Released: 2006, Prosthetic Records
Reviewer: Lord of the Wasteland
With the metalcore market having reached its apex (read: flood), it becomes difficult to rise above the glut of bands currently releasing albums. Along with As I Lay Dying, Seattle’s Himsa was one of the first to fully embrace this genre but Himsa’s music contains a little more edge—much like The Black Dahlia Murder and Lamb of God—making it difficult to lump in with the hardcore constituents. 2003’s COURTING TRAGEDY AND DISASTER put Himsa on the map and while taking a step further into the metal direction than its predecessor, HAIL HORROR is a slab of unabashedly heavy songs, delivered with enough hate and bile that one cannot help but take notice once again. The drums are like a load of concrete blocks falling upon you, the guitar solos are executed flawlessly and the production on this CD is one for the books, thanks to Danish knob-twiddler extraordinaire, Tue Madsen. HAIL HORROR sets a new benchmark, not only for American metal heaviness but crushing musicianship, as well.
The low-end rumble of “Anathema” created by bassist Derek Harn and skin-basher Chad Davis set the groundwork for the blistering opener. John Pettibone’s pissed-off growling roar is nothing out of the ordinary for today’s metal scene, but his bark is a clear fit for the band’s sound. “Sleezevil” features a snappy, melody-driven groove set into motion by the twin guitars of Sammi Curr and Kirby Johnson. Likewise, the Slayer-like diving solo of “The Destroyer” is pure heaven (Hell?!?) and when the band unleashes a massive breakdown, it feels as if the walls are about to cave in. The interplay between Curr and Johnson at the opening of “Pestilence” will have fans of Swedish six-string salivating. On the flipside, the slow-building chord progression at the intro to “Wither” lets the listener’s guard down only to be pummeled by the fast and tight thrash riffing in the verses and a smoking solo. If the guitars don’t make your ears bleed, the pulverizing drumming will leave bruises and a fat lip in their wake but the final blow is dealt by the skull-crushing breakdown that begins at 4:40 and the thrashy conclusion. Mixing the intensity with a more melodic approach a la God Forbid/Shadows Fall, “Seminal” travels the road of Arch Enemy/In Flames-influenced melodic death and the tandem riffing on “They Speak In Swarms” could be lifted from any of the early Gothenburg releases.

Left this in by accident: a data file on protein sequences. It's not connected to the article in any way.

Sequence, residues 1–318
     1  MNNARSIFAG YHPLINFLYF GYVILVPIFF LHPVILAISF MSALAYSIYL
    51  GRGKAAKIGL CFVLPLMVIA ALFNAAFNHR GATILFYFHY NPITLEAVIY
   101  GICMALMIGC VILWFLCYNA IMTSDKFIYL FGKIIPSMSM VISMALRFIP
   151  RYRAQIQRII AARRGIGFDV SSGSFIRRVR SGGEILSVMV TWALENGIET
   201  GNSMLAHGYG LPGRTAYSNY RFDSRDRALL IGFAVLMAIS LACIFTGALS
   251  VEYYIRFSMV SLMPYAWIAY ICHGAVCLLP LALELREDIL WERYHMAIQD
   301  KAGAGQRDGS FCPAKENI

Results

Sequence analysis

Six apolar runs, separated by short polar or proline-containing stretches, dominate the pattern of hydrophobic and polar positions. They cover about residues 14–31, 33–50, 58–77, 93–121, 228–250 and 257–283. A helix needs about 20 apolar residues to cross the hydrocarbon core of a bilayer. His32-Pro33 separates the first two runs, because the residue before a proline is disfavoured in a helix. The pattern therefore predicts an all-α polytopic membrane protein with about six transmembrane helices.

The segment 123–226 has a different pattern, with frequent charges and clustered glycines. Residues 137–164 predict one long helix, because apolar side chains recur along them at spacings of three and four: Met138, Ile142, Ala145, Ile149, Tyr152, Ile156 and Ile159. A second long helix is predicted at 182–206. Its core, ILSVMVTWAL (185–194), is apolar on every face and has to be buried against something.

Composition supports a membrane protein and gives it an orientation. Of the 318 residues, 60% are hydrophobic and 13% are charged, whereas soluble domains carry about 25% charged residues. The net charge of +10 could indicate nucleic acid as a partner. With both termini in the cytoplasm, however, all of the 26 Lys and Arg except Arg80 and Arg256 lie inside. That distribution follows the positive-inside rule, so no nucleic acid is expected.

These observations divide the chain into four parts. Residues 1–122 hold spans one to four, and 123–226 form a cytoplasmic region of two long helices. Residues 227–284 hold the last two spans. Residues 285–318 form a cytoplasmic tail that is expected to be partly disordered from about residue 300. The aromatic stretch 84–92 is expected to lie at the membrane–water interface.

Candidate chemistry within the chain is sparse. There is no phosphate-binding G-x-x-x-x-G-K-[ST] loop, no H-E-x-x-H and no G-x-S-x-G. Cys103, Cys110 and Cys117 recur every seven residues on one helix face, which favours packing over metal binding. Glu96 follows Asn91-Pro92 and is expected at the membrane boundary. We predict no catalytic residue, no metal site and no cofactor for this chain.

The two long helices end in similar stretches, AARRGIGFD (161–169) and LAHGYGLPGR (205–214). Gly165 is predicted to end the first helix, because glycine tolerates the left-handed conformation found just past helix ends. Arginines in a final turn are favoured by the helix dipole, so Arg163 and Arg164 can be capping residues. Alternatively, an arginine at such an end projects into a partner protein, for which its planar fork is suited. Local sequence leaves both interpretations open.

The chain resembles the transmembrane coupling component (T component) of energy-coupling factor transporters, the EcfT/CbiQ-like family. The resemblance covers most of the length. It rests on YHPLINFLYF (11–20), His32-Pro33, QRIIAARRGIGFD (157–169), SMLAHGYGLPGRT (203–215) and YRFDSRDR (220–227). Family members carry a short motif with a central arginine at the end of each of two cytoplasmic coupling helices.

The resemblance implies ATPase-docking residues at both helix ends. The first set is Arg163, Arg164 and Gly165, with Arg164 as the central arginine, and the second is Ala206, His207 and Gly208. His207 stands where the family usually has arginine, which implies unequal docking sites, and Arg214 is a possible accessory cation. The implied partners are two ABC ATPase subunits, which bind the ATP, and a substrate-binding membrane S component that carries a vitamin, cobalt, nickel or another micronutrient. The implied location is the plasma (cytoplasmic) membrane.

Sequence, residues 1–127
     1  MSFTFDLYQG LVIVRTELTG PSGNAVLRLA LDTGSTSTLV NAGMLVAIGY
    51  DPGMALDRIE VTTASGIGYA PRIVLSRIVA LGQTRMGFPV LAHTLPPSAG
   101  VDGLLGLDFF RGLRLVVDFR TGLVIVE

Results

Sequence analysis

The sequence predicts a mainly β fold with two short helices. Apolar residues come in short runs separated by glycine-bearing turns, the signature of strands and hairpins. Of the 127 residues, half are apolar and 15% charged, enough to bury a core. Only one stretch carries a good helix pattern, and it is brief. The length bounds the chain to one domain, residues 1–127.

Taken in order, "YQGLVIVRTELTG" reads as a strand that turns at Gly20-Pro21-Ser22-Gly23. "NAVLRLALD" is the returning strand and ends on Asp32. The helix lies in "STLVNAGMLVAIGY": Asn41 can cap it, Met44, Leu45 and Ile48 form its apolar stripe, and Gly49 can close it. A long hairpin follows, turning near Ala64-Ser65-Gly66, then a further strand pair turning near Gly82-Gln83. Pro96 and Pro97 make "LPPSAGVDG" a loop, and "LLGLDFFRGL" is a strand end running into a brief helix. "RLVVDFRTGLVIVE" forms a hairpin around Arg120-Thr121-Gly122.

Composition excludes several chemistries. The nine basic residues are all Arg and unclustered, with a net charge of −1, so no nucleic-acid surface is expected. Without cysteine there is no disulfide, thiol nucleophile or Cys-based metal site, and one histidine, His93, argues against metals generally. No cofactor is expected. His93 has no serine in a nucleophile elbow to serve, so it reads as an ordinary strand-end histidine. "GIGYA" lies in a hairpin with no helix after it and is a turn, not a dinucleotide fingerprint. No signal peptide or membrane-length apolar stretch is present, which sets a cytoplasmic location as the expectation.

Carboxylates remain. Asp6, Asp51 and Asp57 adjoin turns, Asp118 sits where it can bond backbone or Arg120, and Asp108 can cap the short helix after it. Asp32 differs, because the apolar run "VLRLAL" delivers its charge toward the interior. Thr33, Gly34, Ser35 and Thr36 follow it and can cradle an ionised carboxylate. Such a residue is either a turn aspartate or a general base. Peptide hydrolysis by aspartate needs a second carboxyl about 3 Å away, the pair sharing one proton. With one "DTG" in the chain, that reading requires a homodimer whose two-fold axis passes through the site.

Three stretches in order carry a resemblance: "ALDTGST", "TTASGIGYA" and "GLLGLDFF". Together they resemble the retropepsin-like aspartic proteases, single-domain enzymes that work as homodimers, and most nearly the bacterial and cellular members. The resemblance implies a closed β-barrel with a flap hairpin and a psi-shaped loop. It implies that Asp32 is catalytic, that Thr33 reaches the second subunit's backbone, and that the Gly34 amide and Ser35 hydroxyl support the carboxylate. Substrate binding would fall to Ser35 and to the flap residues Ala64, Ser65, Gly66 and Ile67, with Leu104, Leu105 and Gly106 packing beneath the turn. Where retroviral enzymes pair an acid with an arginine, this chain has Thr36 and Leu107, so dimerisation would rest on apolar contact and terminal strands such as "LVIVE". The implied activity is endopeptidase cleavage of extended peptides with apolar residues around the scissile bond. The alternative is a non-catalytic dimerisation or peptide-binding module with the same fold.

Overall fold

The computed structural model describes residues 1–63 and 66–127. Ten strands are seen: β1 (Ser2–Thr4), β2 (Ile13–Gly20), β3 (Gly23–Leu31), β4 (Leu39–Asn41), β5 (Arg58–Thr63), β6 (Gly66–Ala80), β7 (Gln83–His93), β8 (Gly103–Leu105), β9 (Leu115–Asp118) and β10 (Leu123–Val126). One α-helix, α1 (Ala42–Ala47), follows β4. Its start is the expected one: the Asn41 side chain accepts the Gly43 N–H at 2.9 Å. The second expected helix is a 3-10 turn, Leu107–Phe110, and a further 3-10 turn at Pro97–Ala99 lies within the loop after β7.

If the bands who fall under the banner of “The New Wave of American Heavy Metal” have delivered anything better, I challenge the music on HAIL HORROR to stand up to it. This album simply levels everything in its path and not through originality (yes, this has all been done before), but through outright heaviness. The more overt hardcore elements from Himsa’s last release have been replaced with greater focus upon Swedish guitar influences and the resemblance to mid-period In Flames, Arch Enemy, et al is obvious. While Himsa may have lost a few hardcore fans with HAIL HORROR, the steps taken toward metal territory will bring in many more hungry for a slice of what they have to offer.
KILLER KUTS: “Anathema,” “Sleezevil,” “The Destroyer,” “Pestilence,” “Wither,” “Seminal”